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The Wild Boy by Warren Rochelle
(Golden Gryphon Press, $22.95, 260 pages, hardcover; published September 2001.)

This book--strange, subtle, sentimental--is the first novel published by Golden Gryphon Press, and comes from a new writer best cover scanknown for his academic criticism. So there is risk here: an editor who knows his collections may not know his novels, and the most perspicacious critic may bodge utterly the transition from theory to practice. It is thus pleasant to report that the editor has chosen well, and that the author writes fine prose, characterises passing well, and translates his anthropological insight into a gripping narrative of cultural crisis and individual estrangement. There never was an alien invasion quite like the one in The Wild Boy, and it signifies much about humans and the animals they remake to their convenience, if not in their own image...

It's not clear exactly when Warren Rochelle wrote The Wild Boy; perhaps long years passed while it traversed the more conservative quarters of the literary market. So the novel's depiction of a plague-devastated 1990s and alien-manipulated turn-of-the-millennium may have been safe future history when put to paper, or instead an unfolding uchronia; but this affects only the tale's finer degrees of irony. Not at all tentative is the novel's central holocaust: the alien Lindauzi conquer the Earth, initially by guile (plague and propaganda) and then brute force (enslavement and pogroms). They are physically intimidating predators with hugely advanced technology; they have vaguely Classical names and obey absolutely their Emperor, their Crown Prince, and subordinate panjandra; they are a grim grandiose distillation of the Assyrians, the Romans, the Mongols, the Conquistadores, and the Nazis, and behave with apposite arrogance. Nothing novel there; but Rochelle imparts an unsettling spin: however uncouthly genocidal their methods, the Lindauzi have acted entirely out of love: love lost, and then love unrequited.

Basically, the Lindauzi are loyal pets, dogs by best analogy. On their home world, they had masters, the anthropoid Iani, who performed Uplift, bestowing full intelligence on a species they had first merely domesticated. There followed a partnership, a high symbiosis; but a pandemic abruptly annihilated the Iani, and the Lindauzi, surviving but dogged in their loyalty, are now at risk of pining away. Love lost; but perhaps it can be regained. So the Lindauzi come to Earth, hoping that humans can replace the Iani, restore their sacred dependency. But now we are to be the dogs, the Lindauzi the breeders, the overseers, the owners. Humanity is soon divided between lineages bred by the aliens for utility or beauty and tribes of "wolves", skulkers, outlaws, consigned to the wilderness and hunted for sport. The price of continued existence for the human race is that they love their oppressors, but this love is fugitive, and the terrifying affection of the Lindauzi is not easily requited.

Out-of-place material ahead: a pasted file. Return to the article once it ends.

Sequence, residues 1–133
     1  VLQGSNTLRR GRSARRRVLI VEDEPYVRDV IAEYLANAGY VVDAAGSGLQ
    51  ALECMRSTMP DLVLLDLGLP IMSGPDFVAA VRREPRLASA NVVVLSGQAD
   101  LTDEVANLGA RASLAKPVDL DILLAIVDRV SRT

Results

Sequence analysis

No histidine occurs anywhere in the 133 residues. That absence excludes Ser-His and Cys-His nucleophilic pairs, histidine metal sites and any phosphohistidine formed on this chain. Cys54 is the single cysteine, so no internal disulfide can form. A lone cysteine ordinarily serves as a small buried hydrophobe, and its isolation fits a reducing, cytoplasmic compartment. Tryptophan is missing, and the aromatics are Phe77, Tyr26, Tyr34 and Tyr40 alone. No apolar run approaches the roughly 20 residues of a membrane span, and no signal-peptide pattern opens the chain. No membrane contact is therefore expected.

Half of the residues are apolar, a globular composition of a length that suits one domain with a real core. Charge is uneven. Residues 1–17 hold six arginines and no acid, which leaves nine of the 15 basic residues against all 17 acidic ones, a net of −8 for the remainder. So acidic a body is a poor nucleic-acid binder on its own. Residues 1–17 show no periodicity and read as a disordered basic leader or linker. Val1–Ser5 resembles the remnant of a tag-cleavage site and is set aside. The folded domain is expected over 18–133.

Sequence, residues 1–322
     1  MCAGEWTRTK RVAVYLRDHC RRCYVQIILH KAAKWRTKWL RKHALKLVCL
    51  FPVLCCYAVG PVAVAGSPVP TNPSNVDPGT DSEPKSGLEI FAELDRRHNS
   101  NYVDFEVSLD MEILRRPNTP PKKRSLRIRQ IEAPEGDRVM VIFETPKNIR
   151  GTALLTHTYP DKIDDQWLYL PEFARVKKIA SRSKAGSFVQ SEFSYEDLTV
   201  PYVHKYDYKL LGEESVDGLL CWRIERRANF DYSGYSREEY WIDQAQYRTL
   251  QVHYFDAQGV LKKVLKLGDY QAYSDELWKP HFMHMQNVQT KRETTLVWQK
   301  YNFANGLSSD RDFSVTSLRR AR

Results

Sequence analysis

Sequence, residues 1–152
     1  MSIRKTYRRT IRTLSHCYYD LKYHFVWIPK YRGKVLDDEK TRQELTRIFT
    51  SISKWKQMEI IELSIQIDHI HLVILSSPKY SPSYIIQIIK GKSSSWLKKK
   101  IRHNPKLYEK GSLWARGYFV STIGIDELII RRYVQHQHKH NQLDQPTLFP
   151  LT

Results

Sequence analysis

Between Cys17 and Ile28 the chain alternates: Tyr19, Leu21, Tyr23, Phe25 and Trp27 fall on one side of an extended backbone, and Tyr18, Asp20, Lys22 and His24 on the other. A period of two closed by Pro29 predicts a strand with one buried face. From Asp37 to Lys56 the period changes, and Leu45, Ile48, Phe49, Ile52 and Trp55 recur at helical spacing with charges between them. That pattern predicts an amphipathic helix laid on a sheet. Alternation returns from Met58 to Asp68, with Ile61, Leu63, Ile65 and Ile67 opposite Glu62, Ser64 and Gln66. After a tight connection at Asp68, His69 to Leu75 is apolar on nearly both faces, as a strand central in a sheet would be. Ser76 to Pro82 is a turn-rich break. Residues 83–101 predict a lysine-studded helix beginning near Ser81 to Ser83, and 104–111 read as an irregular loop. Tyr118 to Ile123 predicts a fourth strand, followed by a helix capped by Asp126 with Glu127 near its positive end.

A great and affecting sadness is generated by this dilemma. The Lindauzi know only possessive love, exclusive, consuming. Their jealousy is their tragic flaw; they demand a devotion that is too much to expect, yet without which they cannot live. Rochelle dexterously explores this cultural neurosis through two media of counterpoint. First, there is the contrast of a more balanced human love, that of the slave Ilox for his family, and especially for his son, Caleb. And then--the dichotomy around which the entire novel is structured--there is the pairing of disengagement and engagement: Ilox is born into captivity and moves painfully out of it, while his son, born a wild human, just as traumatically enters slavery. A tame boy becomes wild; a wild boy becomes tame--but no. Caleb cannot become what his father was, no more than his father could remain that way. And in the face of this obduracy whole worlds totter.

Rochelle's analysis of different species of love--of the forms love takes within and between species--has a lot to say about how humanity loves, how that love evolves into shared emotional wealth, or, just as easily, into hatred and all the captivities hatred brings. Further, the accelerating horror of The Wild Boy imparts the dreadful truth that even a genuine mutuality in love may not be a safeguard against the tragic sterility that brings tears to the eye but that fertilises no ground. And so The Wild Boy is a sad novel, Dickensianly sad, tugging the heartstrings with some of the rhapsodic lachrymosity that felled Little Nell. This is a danger in a first novel: an amateur's passion may corrode the entire enterprise. But not here: Rochelle's sentimentality is sufficiently in check, even if the amateur does at times show through, as in the gratuitous and contrived "Interchapter Four".

Warren Rochelle has put his academic understanding to unusually fruitful use in The Wild Boy, in a rich and turbulent study of emotional extremism. His literary craft recalls Le Guin, his emotional force Poul Anderson; but his searing insight into cultural dysfunction is very much his own.

(Order from: Golden Gryphon Press, 3002 Perkins Road, Urbana, IL 61802, USA, or visit

Review by Nick Gevers.
More of Nick's reviews are online at Parsec.

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© Nick Gevers 1 September 2001